Participatory TV


The Third Wave, The Fourth Screen, The Fifth Power, And Beyond

links for 2009-09-23

  • "They all knew better, the portrayers of wilderness; in fact, Adams assiduously avoided photographing any of the local Miwok who were rarely out of his sight as he worked Yosemite Valley. He filled thousands of human-free negatives with land he knew the Miwok had tended for at least four thousand years. And he knew that the Miwok had been forcibly evicted from Yosemite Valley, as other natives would later be from national parks yet to be created, all in the putative interest of protecting nature from human disturbance."
  • "The truth is that surveillance goes both ways in correctional facilities. Inmates watch their keepers as intensely as they are watched—and usually much more malignly."
  • "At one point during the course of our week-long conversation, I asked about torture and executions under the Khmer Rouge. Khieu became agitated. “There are instances when one cannot both respect human rights and protect a country’s independence,” he said. Americans and Europeans don’t understand this, he chided, because the survival of their nations is no longer in question. Vergès chimed in with a small smile and his clear, magisterial voice: “And when their independence is threatened, Western states also are capable of committing acts that the laws condemn.” He recited a litany of atrocities committed by the Allies during the Second World War – from Dresden to Hiroshima – and added, “there was never any question of prosecuting them”. Yet today, Western governments were professing to judge the Khmer Rouge experiment before an international tribunal. Victors’ justice then and now."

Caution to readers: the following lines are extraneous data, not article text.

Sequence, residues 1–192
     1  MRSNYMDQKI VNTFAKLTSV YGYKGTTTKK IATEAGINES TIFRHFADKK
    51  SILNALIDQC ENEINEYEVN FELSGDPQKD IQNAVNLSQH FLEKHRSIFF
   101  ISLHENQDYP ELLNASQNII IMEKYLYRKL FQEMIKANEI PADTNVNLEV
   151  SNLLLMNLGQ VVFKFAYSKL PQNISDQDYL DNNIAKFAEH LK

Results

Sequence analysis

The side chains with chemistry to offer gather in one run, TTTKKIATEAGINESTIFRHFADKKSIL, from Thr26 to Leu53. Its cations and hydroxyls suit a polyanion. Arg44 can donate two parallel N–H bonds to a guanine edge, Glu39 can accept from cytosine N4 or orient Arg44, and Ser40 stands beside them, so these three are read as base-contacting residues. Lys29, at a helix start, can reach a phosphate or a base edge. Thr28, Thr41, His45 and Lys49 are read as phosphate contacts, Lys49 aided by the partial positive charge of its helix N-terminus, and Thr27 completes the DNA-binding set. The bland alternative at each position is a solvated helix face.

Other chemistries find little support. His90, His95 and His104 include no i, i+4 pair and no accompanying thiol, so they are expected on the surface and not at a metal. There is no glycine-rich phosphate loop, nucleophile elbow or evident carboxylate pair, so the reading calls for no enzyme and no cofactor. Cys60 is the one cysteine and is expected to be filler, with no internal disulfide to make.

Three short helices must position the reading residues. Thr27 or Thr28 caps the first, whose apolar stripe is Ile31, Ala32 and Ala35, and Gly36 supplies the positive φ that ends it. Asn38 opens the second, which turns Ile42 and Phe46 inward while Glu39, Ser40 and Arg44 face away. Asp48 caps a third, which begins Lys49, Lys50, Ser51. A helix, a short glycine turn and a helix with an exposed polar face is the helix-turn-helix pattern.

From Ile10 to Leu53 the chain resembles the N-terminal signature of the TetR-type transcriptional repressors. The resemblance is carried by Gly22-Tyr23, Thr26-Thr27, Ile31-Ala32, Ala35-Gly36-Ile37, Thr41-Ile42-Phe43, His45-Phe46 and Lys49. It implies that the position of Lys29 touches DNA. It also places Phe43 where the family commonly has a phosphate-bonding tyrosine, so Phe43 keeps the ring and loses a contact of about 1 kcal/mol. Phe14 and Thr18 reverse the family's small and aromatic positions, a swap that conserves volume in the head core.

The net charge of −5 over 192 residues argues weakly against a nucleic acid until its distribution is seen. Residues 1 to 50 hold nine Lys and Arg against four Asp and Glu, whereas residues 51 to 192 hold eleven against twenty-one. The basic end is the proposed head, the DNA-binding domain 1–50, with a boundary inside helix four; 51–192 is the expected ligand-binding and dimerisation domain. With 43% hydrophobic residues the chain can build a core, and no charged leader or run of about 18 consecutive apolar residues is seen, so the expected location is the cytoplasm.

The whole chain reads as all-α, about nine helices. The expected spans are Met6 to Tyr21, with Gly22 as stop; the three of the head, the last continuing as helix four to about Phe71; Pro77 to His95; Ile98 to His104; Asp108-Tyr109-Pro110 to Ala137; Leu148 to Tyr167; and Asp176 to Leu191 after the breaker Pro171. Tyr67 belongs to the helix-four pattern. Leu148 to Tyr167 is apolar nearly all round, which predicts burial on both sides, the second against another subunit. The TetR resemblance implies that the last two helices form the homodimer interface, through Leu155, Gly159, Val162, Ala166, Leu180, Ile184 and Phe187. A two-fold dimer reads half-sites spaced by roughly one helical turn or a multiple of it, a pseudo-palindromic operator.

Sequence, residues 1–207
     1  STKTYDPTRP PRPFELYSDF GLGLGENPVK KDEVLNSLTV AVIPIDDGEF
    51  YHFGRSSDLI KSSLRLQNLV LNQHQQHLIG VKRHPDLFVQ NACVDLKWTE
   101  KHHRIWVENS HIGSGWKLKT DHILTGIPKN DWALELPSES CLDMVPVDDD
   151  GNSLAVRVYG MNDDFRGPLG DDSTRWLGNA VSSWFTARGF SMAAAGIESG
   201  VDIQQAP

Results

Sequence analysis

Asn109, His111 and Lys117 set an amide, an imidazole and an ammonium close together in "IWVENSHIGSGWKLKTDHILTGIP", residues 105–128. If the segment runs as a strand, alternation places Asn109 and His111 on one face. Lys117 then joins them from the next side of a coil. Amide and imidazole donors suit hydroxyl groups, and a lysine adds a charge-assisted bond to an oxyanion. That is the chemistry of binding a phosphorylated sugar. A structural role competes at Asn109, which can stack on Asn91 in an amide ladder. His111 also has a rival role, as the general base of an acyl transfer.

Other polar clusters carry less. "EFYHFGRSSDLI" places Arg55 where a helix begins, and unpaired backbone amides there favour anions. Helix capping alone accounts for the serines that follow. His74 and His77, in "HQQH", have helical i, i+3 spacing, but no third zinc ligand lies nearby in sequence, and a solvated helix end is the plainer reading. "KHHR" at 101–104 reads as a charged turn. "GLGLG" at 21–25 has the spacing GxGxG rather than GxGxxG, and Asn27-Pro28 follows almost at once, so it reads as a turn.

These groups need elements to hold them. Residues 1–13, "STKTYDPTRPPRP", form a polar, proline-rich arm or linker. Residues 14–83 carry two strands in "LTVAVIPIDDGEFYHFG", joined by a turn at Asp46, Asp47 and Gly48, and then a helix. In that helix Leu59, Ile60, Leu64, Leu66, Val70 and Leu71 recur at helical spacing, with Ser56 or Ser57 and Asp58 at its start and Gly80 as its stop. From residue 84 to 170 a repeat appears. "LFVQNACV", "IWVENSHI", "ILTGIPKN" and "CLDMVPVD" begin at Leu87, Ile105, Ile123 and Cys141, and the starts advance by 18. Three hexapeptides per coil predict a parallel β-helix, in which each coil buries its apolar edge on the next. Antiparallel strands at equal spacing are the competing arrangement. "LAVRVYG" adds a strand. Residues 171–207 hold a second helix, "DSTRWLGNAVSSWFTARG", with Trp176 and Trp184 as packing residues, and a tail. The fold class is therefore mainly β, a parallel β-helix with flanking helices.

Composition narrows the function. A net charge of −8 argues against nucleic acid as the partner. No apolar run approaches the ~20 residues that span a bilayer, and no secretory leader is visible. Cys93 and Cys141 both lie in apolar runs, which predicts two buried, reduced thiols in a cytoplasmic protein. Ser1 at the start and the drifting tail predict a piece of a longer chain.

• "Last year, in a poll of 2,000 Egyptian men, 62 percent admitted harassing women: an activity most of those interviewed insisted was not really their fault as their advances, however intemperate and offensive to their victims, had after all been provoked by the women themselves."
  • … who conducted the Stanford Prison Experiment.
  • Fun, interesting perspective on the evolution of USA's tastebuds, esp restaurants…
    (tags: food usa history)
  • 'Halford Mackinder, the turn-of-the-20th-century father of modern geography, stated that provincialism is very useful, since it prevents the tyranny of the wider, geographical majority. What Mackinder feared, writes one of his biographers, W. H. Parker, was the horizontal organization of the world according to class and cultural and ideological tendencies. Instead, Mackinder promoted a vertical organization of the world by regions and localities. And so, just as American states and individual counties curtail the power of the federal government, other news outlets in various parts of the world may pose the only defense there ever will be against Al Jazeera, which, excellent as it is, has its own developing-world perspective.'

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